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The following is a compilation of Parenting Books and Personal Growth Books that I personally recommend, listed in no particular order. Each of these titles has been instrumental in my own research and development of becoming a Present Parent, and I know they will serve you equally well.


The Mommy Advantage: How Having Kids Can Make You Happier, Healthier, and Wealthier, Sherlyn Pang Luedtke teaches moms how to use personal development techniques to alchemize the challenges of parenthood into joy, ease, fulfillment, and abundance. In this book, you will discover how the mere condition of having kids predisposes you for better health, wealth, and happiness. Most books for parents tell you what to say and how to act so that your kids obey you. The Mommy Advantage focuses on you and demonstrates how innately great you already are because you are a mother. It is a tribute to mommies everywhere. Learn how to activate your Mommy Advantage.

For 25 years, Positive Discipline has been the gold standard reference for grown-ups working with children. Now Jane Nelsen, distinguished psychologist, educator, and mother of seven, has written a revised and expanded edition. The key to positive discipline is not punishment, she tells us, but mutual respect. Nelsen coaches parents and teachers to be both firm and kind, so that any child can learn creative cooperation and self-discipline with no loss of dignity.

ScreamFree Parenting is not just about lowering your voice. It’s about learning to calm your emotional reactions and learning to focus on your own behavior more than your kids’ behavior . . . for their benefit. Our biggest enemy as parents is not the TV, the Internet, or even drugs. Our biggest enemy is our own emotional reactivity. When we say we “lost it” with our kids, the “it” in that sentence is our own adulthood.

After decades of raising her own children along with her husband, Michael, Stormie looks back at the trials and joys of parenting and the power found in praying for her kids. In 30 easy–to–read chapters, she shares from personal experience as to how parents can pray for their children’s safety, character development, school experiences, marriage and so much more.

More than a tool to correct bad behavior, this handbook urges parents to move beyond typical discipline techniques by creating an environment based on mutual respect, emotional safety, and positive, open communication. The seven outlined principles redefine the parent-dominated family by teaching parents how to achieve mutual parent/child respect without being submissive, and empower children to open up, cooperate, and realize their own innate potential.

In this revolutionary book, Marshall Rosenberg empowers educators to transform schools into life-serving, learning-rich environments that maximize the potential of each student. Filled with insight, adaptable exercises and role-plays, Life-Enriching Education gives educators practical skills to generate mutually respectful classroom relationships.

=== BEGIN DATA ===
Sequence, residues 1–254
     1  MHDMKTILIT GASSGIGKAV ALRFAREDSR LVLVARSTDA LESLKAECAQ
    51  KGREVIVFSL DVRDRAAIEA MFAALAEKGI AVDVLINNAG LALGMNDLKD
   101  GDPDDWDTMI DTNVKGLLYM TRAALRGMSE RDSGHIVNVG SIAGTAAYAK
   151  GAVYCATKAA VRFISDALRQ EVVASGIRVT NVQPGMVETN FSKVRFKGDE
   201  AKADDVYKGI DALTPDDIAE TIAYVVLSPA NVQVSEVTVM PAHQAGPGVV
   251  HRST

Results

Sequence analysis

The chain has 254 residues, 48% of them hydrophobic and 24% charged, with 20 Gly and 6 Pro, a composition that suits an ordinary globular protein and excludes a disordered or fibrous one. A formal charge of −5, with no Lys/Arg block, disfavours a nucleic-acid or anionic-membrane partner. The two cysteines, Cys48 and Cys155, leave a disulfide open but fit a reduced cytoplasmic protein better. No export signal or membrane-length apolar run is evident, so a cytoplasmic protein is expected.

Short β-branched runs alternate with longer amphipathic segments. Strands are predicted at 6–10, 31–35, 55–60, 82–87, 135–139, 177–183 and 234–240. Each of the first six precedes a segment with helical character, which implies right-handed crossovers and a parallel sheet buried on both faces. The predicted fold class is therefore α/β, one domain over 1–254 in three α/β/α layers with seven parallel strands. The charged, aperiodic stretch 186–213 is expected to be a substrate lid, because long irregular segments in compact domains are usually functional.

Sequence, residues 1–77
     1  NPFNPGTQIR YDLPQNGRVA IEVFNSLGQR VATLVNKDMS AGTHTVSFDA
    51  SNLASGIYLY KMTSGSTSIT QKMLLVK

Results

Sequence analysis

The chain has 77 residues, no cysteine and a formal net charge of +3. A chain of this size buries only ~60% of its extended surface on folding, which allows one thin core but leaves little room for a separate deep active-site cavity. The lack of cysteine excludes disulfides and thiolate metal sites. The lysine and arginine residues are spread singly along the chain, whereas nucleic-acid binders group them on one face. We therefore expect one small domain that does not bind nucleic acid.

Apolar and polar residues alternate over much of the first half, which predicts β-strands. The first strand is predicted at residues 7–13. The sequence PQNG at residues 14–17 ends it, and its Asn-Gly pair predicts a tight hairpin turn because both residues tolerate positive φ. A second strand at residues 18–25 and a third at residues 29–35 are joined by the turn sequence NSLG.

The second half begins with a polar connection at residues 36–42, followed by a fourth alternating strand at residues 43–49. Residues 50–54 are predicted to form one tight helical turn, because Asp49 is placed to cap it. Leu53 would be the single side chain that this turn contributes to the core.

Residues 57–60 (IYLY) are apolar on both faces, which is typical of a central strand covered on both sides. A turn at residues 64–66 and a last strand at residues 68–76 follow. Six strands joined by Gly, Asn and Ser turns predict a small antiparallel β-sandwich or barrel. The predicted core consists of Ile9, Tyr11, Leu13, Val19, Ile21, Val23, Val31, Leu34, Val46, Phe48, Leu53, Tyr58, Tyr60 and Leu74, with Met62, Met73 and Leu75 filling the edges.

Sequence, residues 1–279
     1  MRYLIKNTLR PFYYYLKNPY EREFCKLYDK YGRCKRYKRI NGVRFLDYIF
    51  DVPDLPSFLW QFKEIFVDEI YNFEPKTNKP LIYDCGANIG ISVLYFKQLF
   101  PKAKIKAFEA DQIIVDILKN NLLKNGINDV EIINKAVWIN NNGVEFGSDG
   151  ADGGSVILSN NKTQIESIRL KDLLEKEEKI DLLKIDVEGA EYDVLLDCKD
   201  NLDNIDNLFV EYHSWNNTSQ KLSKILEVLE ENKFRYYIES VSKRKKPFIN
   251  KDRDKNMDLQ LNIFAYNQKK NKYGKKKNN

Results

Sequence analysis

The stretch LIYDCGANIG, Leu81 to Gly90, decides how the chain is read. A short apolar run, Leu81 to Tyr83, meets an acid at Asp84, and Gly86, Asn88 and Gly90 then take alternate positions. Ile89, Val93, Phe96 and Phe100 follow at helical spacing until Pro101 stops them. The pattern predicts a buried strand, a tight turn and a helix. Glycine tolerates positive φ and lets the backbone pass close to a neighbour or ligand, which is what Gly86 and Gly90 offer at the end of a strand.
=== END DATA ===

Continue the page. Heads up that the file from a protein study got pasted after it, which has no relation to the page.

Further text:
Karp, a pediatrician and asst. professor at the School of Medicine, UCLA, offers a new method to calm and soothe crying infants, which includes a series of five steps designed to imitate the tranquil setting of the uterus. These steps include swaddling, side/stomach position, shhh sounds, swinging and sucking. The book includes detailed advice on each step to ensure that you have the Happiest Baby.

This breakthrough bestseller by Dr. Harvey Karp will do even more to help busy parents survive the “terrible twos” and beyond. In one of the most revolutionary advances in parenting of the past 25 years, Dr. Karp reveals that toddlers often act like uncivilized little cavemen, with a primitive way of thinking and communicating that is all their own. Learn techniques that will result in: fewer tantrums, less yelling, and more happy, loving time for you and your child.

How to Talk So Kids Will Listen and Listen So Kids Will Talk is an excellent communication tool kit based on a series of workshops developed by Adele Faber and Elaine Mazlish. Faber and Mazlish provide a step-by-step approach to improving relationships in your house. The “Reminder” pages, helpful cartoon illustrations, and excellent exercises will improve your ability as a parent to talk and problem-solve with your children.

The 10th anniversary edition of this best-seller has nearly 50 pages of new material. The central message remains the same, and sounds almost too simple: avoid comparisons. But parents know that’s easier said than done. The value of Faber and Mazlish’s discussions is precisely that they talk you through umpteen different situations and outcomes to help you teach your brawling offspring a new set of responses.


Eker’s focus is on the way people think and feel about money and his canny, class-based analysis of broad differences among groups. Eker asks readers to think back to their childhoods and pick apart the lessons they passively absorbed from parents and others about money. With such psychological nuggets as “Rich people focus on opportunities/ Poor people focus on obstacles,” Eker puts a positive spin on stereotypes, and teaches fundamentals to overcome them.